McAfee says that Korean Steel Company was hacked in July 2006—the same date of
takeover negotiations. The intrusion lasted beyond
November.

Continued: The
evidence accumulates…

Most
of the Chinese destination IPs belong to large ISPs, making further attribution
of the hacking activity difficult or impossible without the cooperation of the
PRC government.

— Dell SecureWorks

McAfee documents an
intrusion into ASEAN’s secretariat in October 2006. On Oct. 30–31 China held a
“commemorative summit” celebrating the 15th anniversary of the establishment of
relations between ASEAN and China. Between August and September 2006, ASEAN held
two more summits involving China.

An intrusion into the U.S. Department
of Energy Labs (DOE) began in July 2006. In April 2006, the Chinese Academy of
Sciences announced a collaborative project with an American university to
develop detectors for a DOE particle accelerator.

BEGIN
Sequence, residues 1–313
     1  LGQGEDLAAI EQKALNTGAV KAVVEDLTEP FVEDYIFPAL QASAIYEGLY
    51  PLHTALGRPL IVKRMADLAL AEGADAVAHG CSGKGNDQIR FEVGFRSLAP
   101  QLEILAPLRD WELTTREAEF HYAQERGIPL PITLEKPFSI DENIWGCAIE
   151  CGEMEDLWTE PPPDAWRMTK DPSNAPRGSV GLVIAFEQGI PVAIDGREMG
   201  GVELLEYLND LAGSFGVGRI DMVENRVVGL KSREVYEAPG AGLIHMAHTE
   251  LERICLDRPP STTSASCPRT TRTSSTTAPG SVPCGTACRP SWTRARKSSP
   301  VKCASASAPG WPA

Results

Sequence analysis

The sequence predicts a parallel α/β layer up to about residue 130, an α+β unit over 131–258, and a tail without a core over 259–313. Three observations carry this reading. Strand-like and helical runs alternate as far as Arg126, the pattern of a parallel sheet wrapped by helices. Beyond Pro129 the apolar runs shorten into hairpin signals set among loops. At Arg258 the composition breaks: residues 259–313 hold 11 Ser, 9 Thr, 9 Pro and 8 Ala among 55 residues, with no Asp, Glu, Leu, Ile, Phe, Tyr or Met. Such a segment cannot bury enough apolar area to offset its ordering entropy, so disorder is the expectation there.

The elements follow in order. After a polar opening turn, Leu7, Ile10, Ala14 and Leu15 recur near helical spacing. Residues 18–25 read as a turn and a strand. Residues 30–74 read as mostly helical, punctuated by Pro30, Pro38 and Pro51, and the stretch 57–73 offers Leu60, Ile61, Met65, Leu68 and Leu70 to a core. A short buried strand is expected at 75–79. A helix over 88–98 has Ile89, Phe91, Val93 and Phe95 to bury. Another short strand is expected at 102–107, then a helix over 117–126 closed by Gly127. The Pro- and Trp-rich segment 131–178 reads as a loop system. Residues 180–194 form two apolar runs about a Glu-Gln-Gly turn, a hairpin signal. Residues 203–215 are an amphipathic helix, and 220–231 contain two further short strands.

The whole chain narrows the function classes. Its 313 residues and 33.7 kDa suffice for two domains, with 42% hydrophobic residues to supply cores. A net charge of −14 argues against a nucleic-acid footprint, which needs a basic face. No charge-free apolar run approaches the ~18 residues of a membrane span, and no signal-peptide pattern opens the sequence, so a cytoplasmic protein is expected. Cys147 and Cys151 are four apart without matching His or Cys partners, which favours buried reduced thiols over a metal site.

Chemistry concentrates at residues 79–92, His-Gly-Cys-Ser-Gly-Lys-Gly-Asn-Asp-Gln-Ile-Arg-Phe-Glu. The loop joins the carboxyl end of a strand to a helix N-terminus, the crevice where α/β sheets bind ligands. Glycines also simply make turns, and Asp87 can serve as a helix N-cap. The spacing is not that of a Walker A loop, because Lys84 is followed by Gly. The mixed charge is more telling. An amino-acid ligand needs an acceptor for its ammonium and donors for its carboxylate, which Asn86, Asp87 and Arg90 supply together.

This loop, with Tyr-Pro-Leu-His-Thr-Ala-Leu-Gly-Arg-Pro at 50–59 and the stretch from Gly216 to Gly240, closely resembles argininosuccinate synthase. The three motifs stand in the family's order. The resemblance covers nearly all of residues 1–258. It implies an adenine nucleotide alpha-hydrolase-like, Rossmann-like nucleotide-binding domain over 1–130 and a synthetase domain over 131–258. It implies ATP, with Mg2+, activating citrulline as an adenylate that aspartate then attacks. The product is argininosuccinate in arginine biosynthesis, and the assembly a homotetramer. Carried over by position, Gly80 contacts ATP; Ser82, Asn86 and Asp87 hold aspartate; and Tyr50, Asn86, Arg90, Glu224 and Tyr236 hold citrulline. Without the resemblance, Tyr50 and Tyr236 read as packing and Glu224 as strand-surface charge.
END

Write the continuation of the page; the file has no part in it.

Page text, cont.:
Encroachments into the
networks of Northern California and Southern Californian County governments took
place in June 2007, August 2007, and December 2007. In May 2007, Gov.
Schwarzenegger announced with much fanfare that several Californian companies
had signed contracts with Chinese businesses worth $3 billion.

The
International Olympic Committee (IOC) was infiltrated in November 2007. In
August 2007, IOC representatives met with Beijing officials over the next year’s
Beijing Summer Games. Hacks also took place against national Olympic Committees
in Asia and the West and the World Anti-Doping Agency in the prelude to and
after the 2008 Beijing Olympics.

The systems of a Denmark satellite
telecommunications company were penetrated in August 2008 and September 2010. In
June 2008, Thrane & Thrane, Denmark’s only manufacturer of satellite
communication equipment, showed “excellent performance under harsh conditions”
in the effort to rescue survivors of the May 2008, earthquake in Sichuan, as
stated by the Chinese regime’s overseas mouthpiece China Daily.

The
United Nations was hacked in September 2008. The U.N. Security Council’s
elections during the 63rd General Assembly were held in October 2008.